How to Create a Debt Management Plan

How to Create a Debt Management Plan

For many people, debt has unfortunately become a way of life. The Center for Microeconomic Data’s Quarterly Report on Household Debt and Credit showed that total U.S. household debt in the third quarter of 2018 was the highest it’s been since 2008. Total household debt rose to $13.51 trillion, an increase of 1.6% from the previous quarter.

Given that the U.S. population is estimated to be 325 million, that’s enough debt for each U.S. resident to have $39,169.23 worth of debt to their name. Since not every person has debt, the reality is that some people have much higher balances than others. For instance, an increasing number of Americans carry their student loan debt for years before they can pay it off. This means many may have student loans, credit card debt, a car loan, and a mortgage all at once.

For those who are overburdened with debt, finding a way to get out of debt and reduce monthly debt payments could help them get their finances back on track.

Debt consolidation won’t lower the amount of your debt; however, it could reduce the total interest you’ll pay over time if you’re able to move high interest rate debt to a loan with a lower interest rate. In some cases, though, depending on the interest rate and loan term, consolidating may cause you to spend more out of pocket than if you had kept your loans separate. In either case, what’s appealing to people about debt consolidation is that it usually creates a single, lower monthly payment, spread out over a longer period of time, which can help make the debt easier to manage. It’s important to remember that while consolidation doesn’t eliminate debt, it’s a way to manage paying it off.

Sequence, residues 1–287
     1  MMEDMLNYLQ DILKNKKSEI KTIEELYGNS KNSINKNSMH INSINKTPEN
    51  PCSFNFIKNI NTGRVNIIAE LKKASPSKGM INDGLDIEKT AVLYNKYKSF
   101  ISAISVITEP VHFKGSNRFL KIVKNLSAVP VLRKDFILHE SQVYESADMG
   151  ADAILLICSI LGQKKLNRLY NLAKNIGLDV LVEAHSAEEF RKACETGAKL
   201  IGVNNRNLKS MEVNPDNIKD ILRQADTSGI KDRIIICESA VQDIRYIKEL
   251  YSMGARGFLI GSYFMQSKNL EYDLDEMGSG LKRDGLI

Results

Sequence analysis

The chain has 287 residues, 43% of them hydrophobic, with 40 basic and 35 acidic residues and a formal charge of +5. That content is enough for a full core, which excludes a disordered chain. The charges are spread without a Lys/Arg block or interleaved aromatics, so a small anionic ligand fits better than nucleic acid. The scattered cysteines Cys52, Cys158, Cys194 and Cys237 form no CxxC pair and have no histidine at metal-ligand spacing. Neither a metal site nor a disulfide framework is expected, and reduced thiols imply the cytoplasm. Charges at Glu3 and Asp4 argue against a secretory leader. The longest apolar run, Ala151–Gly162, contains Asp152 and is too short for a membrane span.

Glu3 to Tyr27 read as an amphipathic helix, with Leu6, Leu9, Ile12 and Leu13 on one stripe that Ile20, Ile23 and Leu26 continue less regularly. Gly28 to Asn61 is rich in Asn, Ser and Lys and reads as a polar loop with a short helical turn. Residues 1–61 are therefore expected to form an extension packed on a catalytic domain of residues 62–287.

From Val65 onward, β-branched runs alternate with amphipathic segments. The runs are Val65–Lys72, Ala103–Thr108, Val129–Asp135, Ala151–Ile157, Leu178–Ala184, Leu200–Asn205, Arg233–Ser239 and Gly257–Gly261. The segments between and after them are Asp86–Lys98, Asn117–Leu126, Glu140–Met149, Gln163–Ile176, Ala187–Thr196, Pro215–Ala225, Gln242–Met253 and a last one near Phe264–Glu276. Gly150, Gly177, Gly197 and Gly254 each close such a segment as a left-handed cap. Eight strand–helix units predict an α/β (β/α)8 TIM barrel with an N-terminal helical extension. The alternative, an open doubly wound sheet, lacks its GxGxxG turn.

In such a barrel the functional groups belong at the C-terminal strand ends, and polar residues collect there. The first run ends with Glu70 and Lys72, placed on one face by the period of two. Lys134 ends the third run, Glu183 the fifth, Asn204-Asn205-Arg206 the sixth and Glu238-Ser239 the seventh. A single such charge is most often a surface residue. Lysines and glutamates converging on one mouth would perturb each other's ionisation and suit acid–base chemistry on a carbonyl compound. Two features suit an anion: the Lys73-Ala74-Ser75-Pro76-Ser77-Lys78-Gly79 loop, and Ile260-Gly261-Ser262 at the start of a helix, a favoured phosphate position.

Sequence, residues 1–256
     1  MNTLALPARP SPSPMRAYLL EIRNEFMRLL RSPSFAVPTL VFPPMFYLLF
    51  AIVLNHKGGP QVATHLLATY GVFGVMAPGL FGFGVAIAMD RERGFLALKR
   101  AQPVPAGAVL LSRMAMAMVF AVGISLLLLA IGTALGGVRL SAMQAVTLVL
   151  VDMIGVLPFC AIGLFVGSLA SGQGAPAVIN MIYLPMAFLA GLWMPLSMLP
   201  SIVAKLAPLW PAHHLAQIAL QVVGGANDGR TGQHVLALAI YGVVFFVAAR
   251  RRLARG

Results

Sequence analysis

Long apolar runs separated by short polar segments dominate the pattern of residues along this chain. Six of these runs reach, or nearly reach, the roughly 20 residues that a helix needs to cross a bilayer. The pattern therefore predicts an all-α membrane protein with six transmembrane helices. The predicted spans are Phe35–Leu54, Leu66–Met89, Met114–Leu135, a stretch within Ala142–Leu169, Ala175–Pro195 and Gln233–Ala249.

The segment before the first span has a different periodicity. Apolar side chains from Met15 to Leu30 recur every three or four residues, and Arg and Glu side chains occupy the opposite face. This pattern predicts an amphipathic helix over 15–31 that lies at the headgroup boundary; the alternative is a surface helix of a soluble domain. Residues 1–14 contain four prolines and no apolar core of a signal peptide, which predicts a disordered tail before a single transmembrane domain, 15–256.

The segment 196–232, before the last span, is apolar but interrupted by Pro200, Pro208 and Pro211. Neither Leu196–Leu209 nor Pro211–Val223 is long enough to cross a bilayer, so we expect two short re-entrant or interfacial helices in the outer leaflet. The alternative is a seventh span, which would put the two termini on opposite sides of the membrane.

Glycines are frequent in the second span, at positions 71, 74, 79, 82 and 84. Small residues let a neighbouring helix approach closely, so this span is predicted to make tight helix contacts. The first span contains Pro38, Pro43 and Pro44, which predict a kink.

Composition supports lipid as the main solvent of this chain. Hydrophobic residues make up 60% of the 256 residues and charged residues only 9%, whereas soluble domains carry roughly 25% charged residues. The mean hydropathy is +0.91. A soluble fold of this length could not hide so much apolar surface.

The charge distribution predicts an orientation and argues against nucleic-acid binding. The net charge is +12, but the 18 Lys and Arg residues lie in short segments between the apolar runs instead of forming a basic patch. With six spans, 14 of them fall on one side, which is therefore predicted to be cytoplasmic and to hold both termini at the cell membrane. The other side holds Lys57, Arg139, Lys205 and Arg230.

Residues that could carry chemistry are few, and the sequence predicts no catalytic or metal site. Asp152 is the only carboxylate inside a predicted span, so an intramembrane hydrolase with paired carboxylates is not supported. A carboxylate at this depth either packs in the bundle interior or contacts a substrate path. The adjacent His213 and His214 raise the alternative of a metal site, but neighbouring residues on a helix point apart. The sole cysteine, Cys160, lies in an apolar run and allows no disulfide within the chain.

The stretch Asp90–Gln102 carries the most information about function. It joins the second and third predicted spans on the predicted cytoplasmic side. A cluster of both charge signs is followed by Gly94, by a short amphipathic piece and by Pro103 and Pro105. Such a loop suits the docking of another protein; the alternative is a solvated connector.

What is Debt Consolidation?

If you’re looking for a way to reduce or manage your debt, you may have considered debt consolidation. While it’s not the right option for everyone, debt consolidation can help some people lower their monthly payments and regain control of their finances.

Debt consolidation is the notion of merging multiple loans or debts into one single loan. Instead of making multiple payments to a number of creditors each month, you make a single payment to the company that owns the consolidation loan.

Get Control Over Your Debt

If you’re in debt, organize and add up the debts you owe and create a budget to understand how much money you can put toward your debt each month. It’s important that you prioritize paying off high-interest debt first, so you don’t pay any extra money unnecessarily.

Create a list of your monthly expenses and compare them alongside your monthly income. Your expenses should include essentials like rent or mortgage payments, bills, and food, as well as nonessentials that you can cut back on.

Once you’ve created a budget, you have to stick to it. This means making money-conscious decisions like avoiding impulse purchases and not adding any credit card debt.

However, depending on how much debt you have, you may need to increase the amount of money you put toward your debt payments every month. Debt consolidation may help make this easier.

Four Ways to Consolidate

  • Use Balance Transfer to Lower Credit Card Interest Rates: If you have credit card debt and would like to condense payments into one credit card or possibly lower your interest rate, consider doing a balance transfer to another credit card. For those who qualify, PSECU offers a no fee balance transfer rate to encourage consumers to move their debt. However, you’ll want to make sure the money you’re saving during any introductory period isn’t outweighed by fees and the standard interest rate after the balance transfer rate expires.